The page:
Daily Archives: August 15, 2015

15 August 1915


Sunday morning & we are still here, not yet shelled out.  It is a really peaceful morning, only very occasional gun-fire audible & not more than half a dozen shells over the town so far today.  Last night we had a most successful concert for the two Companies in one of the large rooms of this place.  Some artillery people were good enough to lend us a piano that they had previously looted from some shattered house, & from 6.30 to 8.30 we kept up an almost continuous noise.  We found several quite good vocalists, also some funny men who really were funny, & what is perhaps still more necessary, a first rate pianist who could accompany anybody at anything.  The piano is still here & all this morning we have had a mixed bag of comic songs, rag-time choruses & as it is Sunday a few hymns jostled in amongst the rest.  The other half battalion are observing the Sawbath somewhat more correctly as they have got the Padre with them – he will come to us tomorrow & we shall get Matins & a celebration, always supposing the Germans do not choose that hour for bombardment.

Today a tremendous packing case arrived from Harboro for the men of the half company who come from there.  Every man got a writing tablet & envelopes, a tin of sherbet powder, two khaki handkerchiefs, a card of bachelor buttons, & some tobacco & cigarettes.  Really a most stupendous package, & one which does great credit to the two ardent Harborians who have taken so much trouble in getting the stuff together.  There has been one sad accident.  The wash house got shelled the other day & I lost my washing in the general ruin.  The result is that my want column is now lengthened.

I see that todays paper talks about the possible evacuation of Petrograd, I suppose this doesn’t mean anything more that the evacuation of Paris at the beginning of the war.  Talking of Petrograd will you please discover whether anything momentous happened at the other place to which some of our relatives sometimes go ( it is pronounced Moorunia – how it is spelt I don’t know ) – on July 31st or Aug 1st because the name kept running through my head the whole of one of those days , I am not sure which.  It was very curious because I hadn’t seen the name & had no particular cause to think of it, but still I kept finding myself saying , or rather thinking, the word Moorunia.  I am not superstitious but I should first like to know.   Tomorrow night we are going off to the trenches again for six days, & then right back for our six days rest.  But I certainly must say that it has to be a good billet & good rest to rival the last six days which have been six of the very best.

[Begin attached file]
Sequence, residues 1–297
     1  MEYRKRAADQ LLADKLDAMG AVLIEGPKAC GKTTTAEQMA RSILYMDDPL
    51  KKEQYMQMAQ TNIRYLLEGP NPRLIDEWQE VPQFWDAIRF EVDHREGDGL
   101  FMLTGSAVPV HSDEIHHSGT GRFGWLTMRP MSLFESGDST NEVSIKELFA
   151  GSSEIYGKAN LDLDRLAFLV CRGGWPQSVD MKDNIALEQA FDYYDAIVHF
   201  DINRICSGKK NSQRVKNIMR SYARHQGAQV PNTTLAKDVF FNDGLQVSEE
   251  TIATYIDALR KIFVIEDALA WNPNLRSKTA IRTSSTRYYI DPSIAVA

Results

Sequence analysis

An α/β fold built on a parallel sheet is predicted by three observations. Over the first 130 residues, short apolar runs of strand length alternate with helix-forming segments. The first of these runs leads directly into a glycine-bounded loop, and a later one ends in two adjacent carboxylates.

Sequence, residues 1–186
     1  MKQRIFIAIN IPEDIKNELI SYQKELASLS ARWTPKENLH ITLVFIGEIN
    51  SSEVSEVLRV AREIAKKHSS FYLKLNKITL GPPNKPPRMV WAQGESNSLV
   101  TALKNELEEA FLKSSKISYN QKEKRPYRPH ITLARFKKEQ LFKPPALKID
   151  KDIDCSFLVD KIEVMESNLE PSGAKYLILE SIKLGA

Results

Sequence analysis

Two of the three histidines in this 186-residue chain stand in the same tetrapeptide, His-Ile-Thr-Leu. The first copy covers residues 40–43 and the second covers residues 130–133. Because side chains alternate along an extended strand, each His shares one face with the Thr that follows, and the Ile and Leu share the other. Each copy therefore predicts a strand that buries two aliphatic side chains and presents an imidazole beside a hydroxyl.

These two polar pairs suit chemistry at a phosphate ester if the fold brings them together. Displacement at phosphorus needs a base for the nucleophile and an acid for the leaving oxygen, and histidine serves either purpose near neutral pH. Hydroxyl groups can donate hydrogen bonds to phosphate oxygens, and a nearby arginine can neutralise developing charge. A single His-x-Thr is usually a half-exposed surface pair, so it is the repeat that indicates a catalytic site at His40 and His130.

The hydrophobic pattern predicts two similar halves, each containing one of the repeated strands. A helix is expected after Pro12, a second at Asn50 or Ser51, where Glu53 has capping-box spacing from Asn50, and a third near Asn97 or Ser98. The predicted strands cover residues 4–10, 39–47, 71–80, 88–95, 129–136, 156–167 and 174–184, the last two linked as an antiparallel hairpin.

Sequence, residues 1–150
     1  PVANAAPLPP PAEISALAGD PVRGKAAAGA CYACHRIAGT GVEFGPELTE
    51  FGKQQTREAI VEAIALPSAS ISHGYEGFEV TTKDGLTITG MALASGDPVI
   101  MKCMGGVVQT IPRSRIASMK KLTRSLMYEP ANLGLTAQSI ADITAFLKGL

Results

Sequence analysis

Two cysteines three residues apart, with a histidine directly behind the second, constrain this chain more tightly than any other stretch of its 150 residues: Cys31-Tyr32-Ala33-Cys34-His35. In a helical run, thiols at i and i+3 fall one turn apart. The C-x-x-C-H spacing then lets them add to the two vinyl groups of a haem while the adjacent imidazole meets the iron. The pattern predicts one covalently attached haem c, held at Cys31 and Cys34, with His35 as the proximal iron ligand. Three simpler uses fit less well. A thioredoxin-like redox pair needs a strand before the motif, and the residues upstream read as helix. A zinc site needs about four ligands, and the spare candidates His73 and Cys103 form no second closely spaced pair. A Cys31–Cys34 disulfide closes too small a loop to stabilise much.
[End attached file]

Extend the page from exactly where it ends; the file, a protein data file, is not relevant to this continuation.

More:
My poetic effort has made quite an “impact” – The C.O. wants a copy & one of the men took the trouble to copy it out & send it home.

To The Slackers

August Bank Holiday 1915

In The Trenches

Five score men with shovel & pick,

We’re diggin’ for all we’re worth;

An’ its no soft job for the night is thick,

An’ it’s clammy clay-clogged earth.

We started at half-past nine last night,

We’ve got to dig till two –

This is our way on Bank Holiday,

Is it the way with you?

All through the night we’re here to dig.

With a ten minute rest each hour:

We cannot shirk, we’ve got to work,

Though the pouring pelting shower.

While the bits of lead whine over head

Every minute or two—

This is our way on Bank Holiday

Is it the way with you?

At two o’clock we’re back again

To a rain sopped  * “chatty” bed;

With a couple of sandbags round our feet,

And a haversack under our head.

Above us, a beam & a few old sacks,

An’ the rain-drops dripping through-

This is our way on Bank Holiday

Is it the way with you?

The ration of rum’s too small to taste,

Our bread’s been packed with the coke;

We’re not allowed to build a fire,

For fear they’d see the smoke.

We’re cold & wet, but cheerful yet,

We’re a damp but careless crew

This is our way on Bank Holiday

Is it the way with you?

There’s a rifle to clean, An’ we’ve got no rag,

The gauze on the pull-thro’s worn

There’s a wash to get, an’ clothes to patch

There’s most of our trousers torn.

An’ the day seems long, ay, terribly long, With nothin’ else to do-

This is our way on Bank Holiday,

Is it the same with you?

A whistle, a whir, a deafenin’ crash,

The crack of a shell split tree,

A cry, a shout, the stretcher’s out – “Is it Blighty or R.I.P.?

Shrapnel, they send them now and then

In the hope of catching a few-

This is our way on Bank Holiday,

Is it the same with you?

At half past nine we’re off again

To dig in the same old ditch

At half past nine on come the rain

And the night’s as dark as pitch.

And so we end as we began, Diggin’ from ten till two-

This is our way on Bank Holiday,

Is it the same with you?

*Note- a “chat” is Mr Atkins’ word for the unauthorised inhabitant of his clothing, sometimes found on service